On the Weekly Torah Portion of Noah

(וַיֹּאמֶר אֱלֹהִים לְנֹחַ… עֲשֵׂה לְךָ תֵּבַת עֲצֵי-גֹפֶר (בראשית ו’ י”ג-י”ד

And God said to Noah… Make yourself an ark of cypress wood
(Genesis 6:13-14)

noahs_ark1The story of Noah and the flood, which is the subject of this week’s parashah (weekly potion of the Torah reading, Genesis 6:9 – 11:32), has excited the imagination of both children and adults for millennia. So much so, that numerous attempts have been made to locate physical remains of the ark in an effort to prove that the flood “really” happened, i.e., happened in the world of space and time. But would such a finding change us spiritually? Perhaps a more useful perspective would be to see the Noah story as a guide for reaching beyond space and time and establishing a new alliance with the Eternal.

In the previous parashah we learned that at the junction between the sixth and seventh day of creation, the forces of diversity, of multiplicity, are brought to a halt and creation comes to rest. On the seventh day, the entire field of diversity—“the heavens and the earth and all their multitude”—is reunited with its Source. This is the Shabbat: multiplicity sings the glory of the One, diversity finds rest in unity, worldliness reaches its fulfillment in holiness.

But that parashah also tells us what happens when the balance between diversity and unity is disrupted. Towards the end of the previous parashah we are told about the acceleration of the forces of diversity. We read about humans multiplying and filling the earth and about their daughters marrying the sons of God. We read about gigantic creatures, the Nephilim, roaming the earth. Growth is everywhere, but because it is not connected to the Source, it leads to evil: “The Lord saw that the wickedness of humankind was great in the earth, and that every inclination of the thoughts of their hearts was only evil continually.” (Genesis 6:5). The original intention, for multiplicity to glorify unity, is nowhere in sight.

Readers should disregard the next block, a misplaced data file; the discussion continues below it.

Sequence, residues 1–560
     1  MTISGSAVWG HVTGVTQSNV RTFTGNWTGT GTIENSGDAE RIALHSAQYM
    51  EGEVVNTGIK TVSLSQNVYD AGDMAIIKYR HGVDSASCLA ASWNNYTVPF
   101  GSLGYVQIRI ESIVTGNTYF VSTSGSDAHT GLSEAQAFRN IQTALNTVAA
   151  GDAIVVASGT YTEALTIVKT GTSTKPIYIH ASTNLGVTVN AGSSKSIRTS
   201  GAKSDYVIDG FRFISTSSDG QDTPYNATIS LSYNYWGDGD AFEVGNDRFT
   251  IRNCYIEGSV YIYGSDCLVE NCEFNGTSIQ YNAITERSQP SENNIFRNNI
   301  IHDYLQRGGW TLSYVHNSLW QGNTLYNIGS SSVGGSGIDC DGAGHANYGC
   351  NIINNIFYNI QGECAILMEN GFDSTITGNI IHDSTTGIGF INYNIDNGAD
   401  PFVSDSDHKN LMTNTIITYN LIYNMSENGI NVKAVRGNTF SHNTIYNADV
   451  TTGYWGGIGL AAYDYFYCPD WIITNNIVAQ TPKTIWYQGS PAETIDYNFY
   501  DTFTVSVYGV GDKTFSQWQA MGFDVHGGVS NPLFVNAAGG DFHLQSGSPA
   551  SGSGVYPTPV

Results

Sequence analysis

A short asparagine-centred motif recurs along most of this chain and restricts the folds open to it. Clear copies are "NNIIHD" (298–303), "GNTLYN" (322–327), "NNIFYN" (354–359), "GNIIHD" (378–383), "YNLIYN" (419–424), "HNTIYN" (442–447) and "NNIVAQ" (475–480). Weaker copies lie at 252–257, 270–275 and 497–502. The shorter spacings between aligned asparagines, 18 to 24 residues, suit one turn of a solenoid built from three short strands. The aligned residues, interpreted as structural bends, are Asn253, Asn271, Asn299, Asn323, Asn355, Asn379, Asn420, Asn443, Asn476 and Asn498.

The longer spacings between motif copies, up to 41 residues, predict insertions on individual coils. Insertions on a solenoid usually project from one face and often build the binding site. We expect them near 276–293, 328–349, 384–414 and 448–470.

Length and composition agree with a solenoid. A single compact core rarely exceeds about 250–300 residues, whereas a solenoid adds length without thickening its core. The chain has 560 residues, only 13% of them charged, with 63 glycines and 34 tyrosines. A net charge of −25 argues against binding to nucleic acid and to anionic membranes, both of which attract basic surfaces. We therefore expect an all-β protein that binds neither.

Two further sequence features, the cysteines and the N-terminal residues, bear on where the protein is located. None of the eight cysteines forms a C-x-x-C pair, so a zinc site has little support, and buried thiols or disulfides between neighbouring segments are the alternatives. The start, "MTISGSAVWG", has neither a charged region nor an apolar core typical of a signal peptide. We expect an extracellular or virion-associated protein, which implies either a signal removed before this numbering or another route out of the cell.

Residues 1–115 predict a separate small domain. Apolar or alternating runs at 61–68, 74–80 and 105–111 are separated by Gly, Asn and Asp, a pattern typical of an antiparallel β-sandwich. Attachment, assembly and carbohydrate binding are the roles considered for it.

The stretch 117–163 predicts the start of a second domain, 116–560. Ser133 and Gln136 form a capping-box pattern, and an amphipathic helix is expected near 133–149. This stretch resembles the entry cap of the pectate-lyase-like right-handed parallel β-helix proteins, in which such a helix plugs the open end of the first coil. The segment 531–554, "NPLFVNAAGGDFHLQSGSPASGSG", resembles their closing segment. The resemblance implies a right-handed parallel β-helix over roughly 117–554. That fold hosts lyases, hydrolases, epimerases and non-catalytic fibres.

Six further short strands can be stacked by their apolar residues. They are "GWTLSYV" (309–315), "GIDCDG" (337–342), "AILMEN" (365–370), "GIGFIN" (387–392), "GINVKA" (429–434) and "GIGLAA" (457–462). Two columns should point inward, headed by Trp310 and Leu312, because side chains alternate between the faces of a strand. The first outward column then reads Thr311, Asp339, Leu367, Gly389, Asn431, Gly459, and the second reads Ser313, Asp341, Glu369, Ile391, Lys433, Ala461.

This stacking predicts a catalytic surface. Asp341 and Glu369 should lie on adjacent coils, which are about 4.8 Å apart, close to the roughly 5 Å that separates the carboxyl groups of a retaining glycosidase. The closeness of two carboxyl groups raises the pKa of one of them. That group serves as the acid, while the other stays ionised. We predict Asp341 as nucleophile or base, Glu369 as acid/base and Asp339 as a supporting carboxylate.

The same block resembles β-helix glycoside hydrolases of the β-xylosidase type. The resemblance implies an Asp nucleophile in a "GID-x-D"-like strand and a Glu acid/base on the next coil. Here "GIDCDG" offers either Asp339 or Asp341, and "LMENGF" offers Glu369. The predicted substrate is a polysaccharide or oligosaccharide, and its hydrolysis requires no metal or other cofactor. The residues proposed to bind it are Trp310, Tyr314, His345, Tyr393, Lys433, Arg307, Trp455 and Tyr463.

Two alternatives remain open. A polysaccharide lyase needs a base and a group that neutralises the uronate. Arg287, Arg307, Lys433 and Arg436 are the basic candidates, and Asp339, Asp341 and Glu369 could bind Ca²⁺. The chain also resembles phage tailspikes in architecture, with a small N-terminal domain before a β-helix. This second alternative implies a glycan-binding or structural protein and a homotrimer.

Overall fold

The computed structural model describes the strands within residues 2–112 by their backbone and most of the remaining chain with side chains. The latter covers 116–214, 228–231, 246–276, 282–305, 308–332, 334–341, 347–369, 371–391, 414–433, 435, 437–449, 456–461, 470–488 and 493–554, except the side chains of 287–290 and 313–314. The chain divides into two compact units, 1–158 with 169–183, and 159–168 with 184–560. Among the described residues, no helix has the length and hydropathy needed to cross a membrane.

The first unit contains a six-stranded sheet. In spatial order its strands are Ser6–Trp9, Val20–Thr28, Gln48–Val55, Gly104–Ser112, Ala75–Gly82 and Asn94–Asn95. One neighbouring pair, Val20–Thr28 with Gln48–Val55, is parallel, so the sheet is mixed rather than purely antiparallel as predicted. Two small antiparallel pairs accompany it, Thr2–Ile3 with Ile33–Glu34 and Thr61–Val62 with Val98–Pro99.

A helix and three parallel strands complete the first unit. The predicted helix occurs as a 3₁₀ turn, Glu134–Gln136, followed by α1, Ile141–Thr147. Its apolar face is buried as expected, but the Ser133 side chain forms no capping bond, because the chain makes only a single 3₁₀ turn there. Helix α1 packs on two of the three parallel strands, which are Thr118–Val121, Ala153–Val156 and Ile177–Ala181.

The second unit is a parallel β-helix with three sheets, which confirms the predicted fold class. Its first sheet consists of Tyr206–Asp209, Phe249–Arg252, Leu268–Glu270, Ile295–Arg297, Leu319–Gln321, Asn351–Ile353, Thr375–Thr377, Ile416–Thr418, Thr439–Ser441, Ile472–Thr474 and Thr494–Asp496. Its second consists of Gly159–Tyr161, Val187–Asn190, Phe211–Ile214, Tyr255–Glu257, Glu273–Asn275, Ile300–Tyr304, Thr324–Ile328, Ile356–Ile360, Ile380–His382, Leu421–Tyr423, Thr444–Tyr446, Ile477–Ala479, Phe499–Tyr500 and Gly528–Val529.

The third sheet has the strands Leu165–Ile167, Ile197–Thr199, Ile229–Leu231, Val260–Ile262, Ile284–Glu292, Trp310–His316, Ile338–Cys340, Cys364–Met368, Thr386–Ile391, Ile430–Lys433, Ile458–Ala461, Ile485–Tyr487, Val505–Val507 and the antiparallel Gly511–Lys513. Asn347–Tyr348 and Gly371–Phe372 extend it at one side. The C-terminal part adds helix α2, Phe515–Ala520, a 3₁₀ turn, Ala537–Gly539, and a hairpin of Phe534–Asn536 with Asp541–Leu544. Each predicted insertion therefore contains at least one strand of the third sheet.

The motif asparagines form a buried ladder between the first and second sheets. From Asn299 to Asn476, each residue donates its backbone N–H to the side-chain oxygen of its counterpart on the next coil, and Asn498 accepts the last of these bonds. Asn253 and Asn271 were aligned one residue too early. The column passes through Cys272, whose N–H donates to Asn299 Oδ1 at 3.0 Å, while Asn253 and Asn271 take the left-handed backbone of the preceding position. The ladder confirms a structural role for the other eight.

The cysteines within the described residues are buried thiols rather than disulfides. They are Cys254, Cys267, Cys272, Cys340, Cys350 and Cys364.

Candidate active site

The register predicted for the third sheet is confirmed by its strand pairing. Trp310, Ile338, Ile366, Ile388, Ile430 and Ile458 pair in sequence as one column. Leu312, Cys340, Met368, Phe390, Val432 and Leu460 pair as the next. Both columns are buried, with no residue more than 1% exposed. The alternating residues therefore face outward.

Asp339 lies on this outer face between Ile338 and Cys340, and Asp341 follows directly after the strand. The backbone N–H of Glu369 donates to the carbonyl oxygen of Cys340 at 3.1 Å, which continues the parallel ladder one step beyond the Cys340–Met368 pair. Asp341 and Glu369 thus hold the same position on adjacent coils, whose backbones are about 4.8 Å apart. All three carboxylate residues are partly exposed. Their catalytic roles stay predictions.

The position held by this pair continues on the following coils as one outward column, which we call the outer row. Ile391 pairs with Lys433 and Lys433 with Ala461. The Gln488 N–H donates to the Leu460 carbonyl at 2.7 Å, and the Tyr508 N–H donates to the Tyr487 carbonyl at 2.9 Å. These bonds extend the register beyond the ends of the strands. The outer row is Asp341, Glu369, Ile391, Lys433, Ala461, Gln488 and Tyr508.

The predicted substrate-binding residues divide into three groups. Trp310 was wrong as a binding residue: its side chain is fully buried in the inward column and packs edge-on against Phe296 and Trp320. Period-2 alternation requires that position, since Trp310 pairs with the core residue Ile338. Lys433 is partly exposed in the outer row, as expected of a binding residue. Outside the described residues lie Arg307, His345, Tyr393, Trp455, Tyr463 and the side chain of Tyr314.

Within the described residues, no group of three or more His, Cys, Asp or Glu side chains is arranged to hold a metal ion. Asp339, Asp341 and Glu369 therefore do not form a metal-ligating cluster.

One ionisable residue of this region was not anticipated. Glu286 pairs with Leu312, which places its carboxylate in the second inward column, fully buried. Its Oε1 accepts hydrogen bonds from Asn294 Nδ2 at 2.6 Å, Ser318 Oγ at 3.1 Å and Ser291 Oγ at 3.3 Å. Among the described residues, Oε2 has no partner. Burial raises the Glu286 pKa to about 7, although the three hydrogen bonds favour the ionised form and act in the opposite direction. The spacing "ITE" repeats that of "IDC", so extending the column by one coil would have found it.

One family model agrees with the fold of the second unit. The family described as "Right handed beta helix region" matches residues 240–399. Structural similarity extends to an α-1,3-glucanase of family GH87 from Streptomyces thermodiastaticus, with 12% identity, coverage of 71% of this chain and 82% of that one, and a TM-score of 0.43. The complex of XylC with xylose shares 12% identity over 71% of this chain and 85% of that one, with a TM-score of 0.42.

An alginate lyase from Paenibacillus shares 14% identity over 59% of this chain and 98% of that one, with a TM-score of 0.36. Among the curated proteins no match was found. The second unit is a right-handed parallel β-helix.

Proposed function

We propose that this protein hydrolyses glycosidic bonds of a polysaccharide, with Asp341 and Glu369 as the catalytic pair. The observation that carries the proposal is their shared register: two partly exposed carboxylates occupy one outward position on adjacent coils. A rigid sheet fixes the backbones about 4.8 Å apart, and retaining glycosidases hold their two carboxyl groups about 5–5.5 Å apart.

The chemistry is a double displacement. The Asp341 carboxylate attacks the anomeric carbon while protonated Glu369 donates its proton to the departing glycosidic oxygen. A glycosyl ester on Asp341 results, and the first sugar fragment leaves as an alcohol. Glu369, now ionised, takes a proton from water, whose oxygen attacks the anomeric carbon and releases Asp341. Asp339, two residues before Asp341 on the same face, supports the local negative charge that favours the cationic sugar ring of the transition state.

This is the world that Noah finds himself in, a world that threatens to overwhelm him. But Noah, who is described as “a righteous man, blameless in his generation”, is taking on the task of re-establishing the connection with unity so that the world can be saved from being consumed by the incessant drive towards multiplicity. Noah’s story can therefore be seen as an elaboration of the move from the sixth day to the seventh day.

There are various hints in the text that could support this interpretation. As the Zohar, the Book of Splendor, points out, the name Noah, which comes from the same root as the Hebrew word menuha (rest), is related to the Shabbat, the day of rest. Noah’s age is yet another indication: he is six hundred years old when he enters the ark. The ark takes him from the sixth century of his life to the seventh.

Indeed, through the ark Noah moves from the ordinary to the extraordinary, from a world drowning in multiplicity to a world anchored in unity, from time to timelessness. But what is this ark? The Hebrew word for ark is teva (תבה). But teva also means “word” in Hebrew. This latter connotation has been emphasized by commentators throughout the ages, including the Ba’al Shem Tov and his grandson, rabbi Efraim of Sadilkov.